Norwood Ridge

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The Norwood Ridge is a landmark ridge in the south of the metropolitan conurbation, forming part of the border between Surrey and Kent.[1] It is situated approximately five miles south of central London and runs for approximately three miles in a north-easterly direction. It runs from Selhurst in the south, to Forest Hill in the north. It is a ridge of London Clay capped in places with gravel deposits known as the Claygate Beds.[2]

It includes Sydenham Hill and Crystal Palace and also parts of Dulwich and Upper Norwood. The upper parts of the ridge average a little above 360 ft, offering views across London.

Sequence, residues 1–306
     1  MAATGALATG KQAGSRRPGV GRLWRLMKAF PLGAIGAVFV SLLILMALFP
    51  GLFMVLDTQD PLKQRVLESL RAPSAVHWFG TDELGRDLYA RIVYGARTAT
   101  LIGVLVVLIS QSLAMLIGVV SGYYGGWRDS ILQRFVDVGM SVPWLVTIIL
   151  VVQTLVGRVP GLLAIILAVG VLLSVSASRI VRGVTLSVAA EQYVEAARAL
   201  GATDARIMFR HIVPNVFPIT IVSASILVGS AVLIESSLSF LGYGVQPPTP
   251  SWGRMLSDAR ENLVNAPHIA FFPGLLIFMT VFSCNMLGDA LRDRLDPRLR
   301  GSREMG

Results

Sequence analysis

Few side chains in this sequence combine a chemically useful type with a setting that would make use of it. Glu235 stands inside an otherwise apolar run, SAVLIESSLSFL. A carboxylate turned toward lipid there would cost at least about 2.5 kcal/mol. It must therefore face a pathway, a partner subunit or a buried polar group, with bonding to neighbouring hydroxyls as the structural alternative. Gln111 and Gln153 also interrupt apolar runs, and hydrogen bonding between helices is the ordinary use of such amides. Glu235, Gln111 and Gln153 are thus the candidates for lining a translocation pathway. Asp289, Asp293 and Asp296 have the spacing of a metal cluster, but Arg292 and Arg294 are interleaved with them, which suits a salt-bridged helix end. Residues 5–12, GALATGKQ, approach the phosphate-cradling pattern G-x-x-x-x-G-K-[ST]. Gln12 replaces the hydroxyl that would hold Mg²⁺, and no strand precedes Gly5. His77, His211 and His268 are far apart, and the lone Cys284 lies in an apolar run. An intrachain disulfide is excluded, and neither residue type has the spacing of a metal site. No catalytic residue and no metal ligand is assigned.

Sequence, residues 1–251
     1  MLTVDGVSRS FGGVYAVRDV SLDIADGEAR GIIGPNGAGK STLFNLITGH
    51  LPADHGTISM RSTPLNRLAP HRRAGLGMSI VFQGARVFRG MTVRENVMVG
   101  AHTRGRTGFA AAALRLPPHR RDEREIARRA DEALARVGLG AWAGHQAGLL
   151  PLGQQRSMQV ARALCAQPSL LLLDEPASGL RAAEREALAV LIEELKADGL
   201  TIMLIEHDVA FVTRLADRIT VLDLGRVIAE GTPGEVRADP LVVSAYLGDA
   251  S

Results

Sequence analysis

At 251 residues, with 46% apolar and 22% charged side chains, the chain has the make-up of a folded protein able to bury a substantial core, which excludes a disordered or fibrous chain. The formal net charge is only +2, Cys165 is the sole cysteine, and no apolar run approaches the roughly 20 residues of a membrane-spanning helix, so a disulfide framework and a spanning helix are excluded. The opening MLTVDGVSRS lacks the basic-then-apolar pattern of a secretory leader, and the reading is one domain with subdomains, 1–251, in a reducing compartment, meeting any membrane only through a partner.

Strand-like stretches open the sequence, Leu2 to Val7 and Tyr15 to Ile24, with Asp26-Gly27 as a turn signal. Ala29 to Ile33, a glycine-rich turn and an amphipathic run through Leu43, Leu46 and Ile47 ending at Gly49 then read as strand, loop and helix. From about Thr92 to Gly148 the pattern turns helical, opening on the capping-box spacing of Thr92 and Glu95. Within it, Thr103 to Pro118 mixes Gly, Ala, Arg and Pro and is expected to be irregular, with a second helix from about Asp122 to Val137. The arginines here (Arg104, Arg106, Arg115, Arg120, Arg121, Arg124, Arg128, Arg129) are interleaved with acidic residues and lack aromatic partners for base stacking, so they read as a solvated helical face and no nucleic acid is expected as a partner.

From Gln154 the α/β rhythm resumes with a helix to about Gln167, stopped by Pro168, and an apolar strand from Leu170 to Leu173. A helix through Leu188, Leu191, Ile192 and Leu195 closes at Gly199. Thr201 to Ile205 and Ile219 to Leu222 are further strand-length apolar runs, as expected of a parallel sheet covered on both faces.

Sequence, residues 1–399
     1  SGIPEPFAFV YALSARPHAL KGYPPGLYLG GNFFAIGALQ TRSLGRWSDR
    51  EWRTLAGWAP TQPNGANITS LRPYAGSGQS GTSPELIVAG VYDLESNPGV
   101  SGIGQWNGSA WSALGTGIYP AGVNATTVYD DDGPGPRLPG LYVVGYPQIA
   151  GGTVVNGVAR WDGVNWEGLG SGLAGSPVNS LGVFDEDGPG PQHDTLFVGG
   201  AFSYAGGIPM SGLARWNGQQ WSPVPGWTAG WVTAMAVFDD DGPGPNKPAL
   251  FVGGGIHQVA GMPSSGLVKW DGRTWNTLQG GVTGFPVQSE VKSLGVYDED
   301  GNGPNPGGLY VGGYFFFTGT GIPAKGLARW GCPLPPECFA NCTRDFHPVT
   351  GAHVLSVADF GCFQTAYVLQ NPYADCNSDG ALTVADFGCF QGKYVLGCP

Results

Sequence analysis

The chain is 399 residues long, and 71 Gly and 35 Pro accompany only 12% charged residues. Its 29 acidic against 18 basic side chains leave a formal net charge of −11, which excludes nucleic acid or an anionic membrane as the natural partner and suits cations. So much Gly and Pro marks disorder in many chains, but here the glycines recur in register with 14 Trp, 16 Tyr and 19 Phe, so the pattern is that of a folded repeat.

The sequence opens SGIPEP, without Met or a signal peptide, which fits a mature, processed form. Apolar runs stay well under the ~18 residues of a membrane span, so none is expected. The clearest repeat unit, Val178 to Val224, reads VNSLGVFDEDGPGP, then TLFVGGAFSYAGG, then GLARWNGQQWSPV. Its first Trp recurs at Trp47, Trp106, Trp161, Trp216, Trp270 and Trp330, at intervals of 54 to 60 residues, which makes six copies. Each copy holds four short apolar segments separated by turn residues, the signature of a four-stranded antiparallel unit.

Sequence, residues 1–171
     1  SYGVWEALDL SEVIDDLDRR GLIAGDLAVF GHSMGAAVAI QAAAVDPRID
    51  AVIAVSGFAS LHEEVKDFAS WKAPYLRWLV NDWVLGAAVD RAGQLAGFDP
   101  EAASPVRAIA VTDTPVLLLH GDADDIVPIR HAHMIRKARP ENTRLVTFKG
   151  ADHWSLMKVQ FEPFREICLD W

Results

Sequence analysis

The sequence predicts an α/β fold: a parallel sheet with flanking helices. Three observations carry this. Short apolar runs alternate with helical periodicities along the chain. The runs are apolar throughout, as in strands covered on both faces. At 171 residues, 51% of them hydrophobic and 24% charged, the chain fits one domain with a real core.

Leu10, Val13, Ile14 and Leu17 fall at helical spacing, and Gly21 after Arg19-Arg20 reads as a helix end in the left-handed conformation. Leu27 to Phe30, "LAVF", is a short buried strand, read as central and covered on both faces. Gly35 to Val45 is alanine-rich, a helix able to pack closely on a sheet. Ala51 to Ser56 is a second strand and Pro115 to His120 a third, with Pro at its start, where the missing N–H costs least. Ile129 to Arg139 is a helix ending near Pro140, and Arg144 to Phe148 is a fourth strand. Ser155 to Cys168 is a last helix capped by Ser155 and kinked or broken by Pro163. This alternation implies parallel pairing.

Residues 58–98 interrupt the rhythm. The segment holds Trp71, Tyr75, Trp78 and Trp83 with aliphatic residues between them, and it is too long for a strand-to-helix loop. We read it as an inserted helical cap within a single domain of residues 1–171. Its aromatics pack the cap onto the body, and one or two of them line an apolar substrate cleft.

The northern slopes feed the River Effra, and the southern slopes the Pool River.

It is the location of two prominent transmitting towers, Crystal Palace transmitting station and Croydon transmitting station.

To the south, lower layers of the London Clay and Palaeocene deposits lie between the ridge and the dip slope of the North Downs.

The area has in the past had brick fields and has many railway tunnels.


  2. Sheet 270 South London, 1:50,000 Geology Series, British Geological Survey, Keyworth, 1998, ISBN 0-7518-3206-5

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